Bluegill really aren't that fussy when it comes to flies, however, there are some flies that they just can't refuse. One of these is the inch worm, especially in early spring. If you see these green devils dropping out of the trees on your home water, get out what some call the green weenie and whip it in the water. When fishing with inch worm imitations, you can even plop them on and off the surface, right on top of bluegill to get them really worked up, because real inch worms hop on and off the water when they are blowing around in the wind on their silk. Oh yeah, when it is extremely windy, and there are moths, inch worms, and ants, getting blown all over god's green earth, get on the water and get ready for top water heaven with flies.

Bluegill, especially, will throw caution to the wind when there is windy chop on the water and insects blowing in like mad. Any ant imitation will do well, but don't go too small, because bluegill really have a strong suck off the surface, and they will take a size 26 ant right into the back of their throat. Keep the sizes around 18 for the ants, depending on how big the gills are that you're catching.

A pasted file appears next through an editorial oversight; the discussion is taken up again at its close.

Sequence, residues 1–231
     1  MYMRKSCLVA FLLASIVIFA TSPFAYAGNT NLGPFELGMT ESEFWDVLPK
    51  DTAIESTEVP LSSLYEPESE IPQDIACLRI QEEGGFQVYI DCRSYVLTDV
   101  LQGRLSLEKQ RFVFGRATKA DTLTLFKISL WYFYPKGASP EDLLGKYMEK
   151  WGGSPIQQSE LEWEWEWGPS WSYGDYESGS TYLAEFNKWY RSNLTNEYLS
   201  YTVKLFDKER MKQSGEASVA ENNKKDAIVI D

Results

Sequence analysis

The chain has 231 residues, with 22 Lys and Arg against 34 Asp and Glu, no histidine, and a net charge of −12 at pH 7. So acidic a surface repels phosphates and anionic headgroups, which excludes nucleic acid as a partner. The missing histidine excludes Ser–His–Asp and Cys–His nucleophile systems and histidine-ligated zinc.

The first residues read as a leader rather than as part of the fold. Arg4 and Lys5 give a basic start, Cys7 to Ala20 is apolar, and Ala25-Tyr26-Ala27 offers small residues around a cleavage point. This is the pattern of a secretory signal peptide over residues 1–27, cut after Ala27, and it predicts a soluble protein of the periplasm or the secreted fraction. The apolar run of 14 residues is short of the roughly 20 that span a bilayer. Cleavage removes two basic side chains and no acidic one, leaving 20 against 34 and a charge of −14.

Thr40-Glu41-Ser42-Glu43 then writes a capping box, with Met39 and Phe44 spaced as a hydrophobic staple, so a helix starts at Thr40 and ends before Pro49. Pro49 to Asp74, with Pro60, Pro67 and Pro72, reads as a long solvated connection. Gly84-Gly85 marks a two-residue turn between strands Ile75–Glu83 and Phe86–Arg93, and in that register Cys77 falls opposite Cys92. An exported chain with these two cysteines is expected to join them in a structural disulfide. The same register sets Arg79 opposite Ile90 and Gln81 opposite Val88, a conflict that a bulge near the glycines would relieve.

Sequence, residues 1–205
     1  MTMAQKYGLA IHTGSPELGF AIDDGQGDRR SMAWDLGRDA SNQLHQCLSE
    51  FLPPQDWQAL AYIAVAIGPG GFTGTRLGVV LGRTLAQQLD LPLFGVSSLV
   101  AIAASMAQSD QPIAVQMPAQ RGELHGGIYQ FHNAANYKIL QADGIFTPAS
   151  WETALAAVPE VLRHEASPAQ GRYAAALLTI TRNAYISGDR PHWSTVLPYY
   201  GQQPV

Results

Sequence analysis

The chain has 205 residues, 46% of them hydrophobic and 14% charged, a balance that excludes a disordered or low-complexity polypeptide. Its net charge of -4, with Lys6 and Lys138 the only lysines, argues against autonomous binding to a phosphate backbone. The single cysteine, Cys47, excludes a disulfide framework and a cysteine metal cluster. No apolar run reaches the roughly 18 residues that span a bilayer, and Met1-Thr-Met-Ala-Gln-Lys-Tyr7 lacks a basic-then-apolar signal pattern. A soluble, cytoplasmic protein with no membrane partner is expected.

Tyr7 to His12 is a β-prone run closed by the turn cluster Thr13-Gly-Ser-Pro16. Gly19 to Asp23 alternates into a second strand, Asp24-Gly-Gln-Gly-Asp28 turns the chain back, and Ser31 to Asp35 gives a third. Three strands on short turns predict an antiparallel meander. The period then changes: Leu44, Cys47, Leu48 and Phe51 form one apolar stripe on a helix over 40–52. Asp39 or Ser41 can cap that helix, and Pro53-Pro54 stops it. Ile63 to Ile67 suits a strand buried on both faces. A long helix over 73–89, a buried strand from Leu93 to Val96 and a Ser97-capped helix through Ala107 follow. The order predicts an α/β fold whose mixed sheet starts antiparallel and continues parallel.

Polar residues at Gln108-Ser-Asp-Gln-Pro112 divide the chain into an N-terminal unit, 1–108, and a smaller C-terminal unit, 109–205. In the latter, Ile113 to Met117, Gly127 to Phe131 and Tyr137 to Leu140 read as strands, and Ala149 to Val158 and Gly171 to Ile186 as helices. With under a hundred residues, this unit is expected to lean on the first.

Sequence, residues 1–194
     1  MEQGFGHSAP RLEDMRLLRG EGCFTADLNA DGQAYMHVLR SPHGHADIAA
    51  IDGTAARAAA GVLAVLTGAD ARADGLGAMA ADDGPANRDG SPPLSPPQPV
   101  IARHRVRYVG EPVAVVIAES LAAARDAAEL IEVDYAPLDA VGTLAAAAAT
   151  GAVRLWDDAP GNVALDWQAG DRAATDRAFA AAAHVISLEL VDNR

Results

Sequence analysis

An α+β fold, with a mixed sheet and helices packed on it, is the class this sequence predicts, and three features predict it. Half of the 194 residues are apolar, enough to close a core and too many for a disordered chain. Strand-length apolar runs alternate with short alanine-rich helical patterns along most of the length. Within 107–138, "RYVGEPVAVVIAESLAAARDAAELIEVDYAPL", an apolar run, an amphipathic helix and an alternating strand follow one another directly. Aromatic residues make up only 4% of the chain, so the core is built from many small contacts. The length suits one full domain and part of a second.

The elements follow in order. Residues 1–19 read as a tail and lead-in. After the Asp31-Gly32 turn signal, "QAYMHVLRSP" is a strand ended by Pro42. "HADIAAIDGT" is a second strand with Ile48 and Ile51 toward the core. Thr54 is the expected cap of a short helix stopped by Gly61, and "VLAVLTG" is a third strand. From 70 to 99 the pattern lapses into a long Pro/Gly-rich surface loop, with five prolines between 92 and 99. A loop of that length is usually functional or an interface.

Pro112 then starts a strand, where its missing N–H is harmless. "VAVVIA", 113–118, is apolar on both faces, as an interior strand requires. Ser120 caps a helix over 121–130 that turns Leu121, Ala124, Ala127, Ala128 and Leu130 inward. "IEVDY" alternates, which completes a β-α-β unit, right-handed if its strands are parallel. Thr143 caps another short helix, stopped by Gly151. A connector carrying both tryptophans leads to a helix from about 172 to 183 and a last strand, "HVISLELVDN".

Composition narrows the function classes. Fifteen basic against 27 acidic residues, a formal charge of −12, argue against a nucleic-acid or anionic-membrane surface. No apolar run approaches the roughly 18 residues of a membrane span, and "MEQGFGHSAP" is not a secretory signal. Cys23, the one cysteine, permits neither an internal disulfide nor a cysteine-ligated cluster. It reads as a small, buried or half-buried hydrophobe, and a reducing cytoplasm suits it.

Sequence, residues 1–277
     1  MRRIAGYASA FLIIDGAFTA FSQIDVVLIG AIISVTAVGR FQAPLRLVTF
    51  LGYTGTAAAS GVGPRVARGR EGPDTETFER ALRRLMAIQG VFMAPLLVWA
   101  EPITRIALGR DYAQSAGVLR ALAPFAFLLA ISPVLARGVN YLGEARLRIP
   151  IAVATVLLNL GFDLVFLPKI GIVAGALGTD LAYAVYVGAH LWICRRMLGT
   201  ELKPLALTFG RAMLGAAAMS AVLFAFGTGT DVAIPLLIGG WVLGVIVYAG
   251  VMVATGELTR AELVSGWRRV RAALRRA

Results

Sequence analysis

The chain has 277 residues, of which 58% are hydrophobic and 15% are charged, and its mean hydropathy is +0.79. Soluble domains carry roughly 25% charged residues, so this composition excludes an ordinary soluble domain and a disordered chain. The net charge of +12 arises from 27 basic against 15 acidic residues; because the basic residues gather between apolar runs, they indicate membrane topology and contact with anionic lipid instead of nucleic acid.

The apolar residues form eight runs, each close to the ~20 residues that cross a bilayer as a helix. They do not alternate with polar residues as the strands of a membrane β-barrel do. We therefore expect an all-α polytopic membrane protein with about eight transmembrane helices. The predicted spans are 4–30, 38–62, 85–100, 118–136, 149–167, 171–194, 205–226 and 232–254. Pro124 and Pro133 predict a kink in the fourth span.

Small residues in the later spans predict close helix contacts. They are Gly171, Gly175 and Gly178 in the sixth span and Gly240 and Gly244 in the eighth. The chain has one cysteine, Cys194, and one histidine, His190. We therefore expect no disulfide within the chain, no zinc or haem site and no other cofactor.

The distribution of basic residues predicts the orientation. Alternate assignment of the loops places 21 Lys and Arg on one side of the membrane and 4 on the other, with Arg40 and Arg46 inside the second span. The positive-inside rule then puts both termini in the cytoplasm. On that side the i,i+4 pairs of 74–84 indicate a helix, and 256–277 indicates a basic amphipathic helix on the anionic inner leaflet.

Micro streamers, small muddlers minnows, and micky finns work very well for bluegill in sizes 10,12,14, and 16. Woolly buggers in the same sizes always get bluegill worked up. In deeper waters use some sinking line to get down to the bigger fish laying just off a shallow flat.

Dry fly fishing for bluegills is often quite amazing, as there really needs to be no hatch at all for bluegills to attack something on the surface. Try a Royal coachman as a generic dry in sizes 12,14, and 16. If there are white moths in your area, a light cahill will do the trick in a size 12 or 14. Chernobol ants, crickets, and grasshoppers work well too, but stay with the smaller sizes because sometimes these flies are over tied with way too much material: some people like to make them like an abrams tank and the bluegills have quite a time trying to get their jaws around it.

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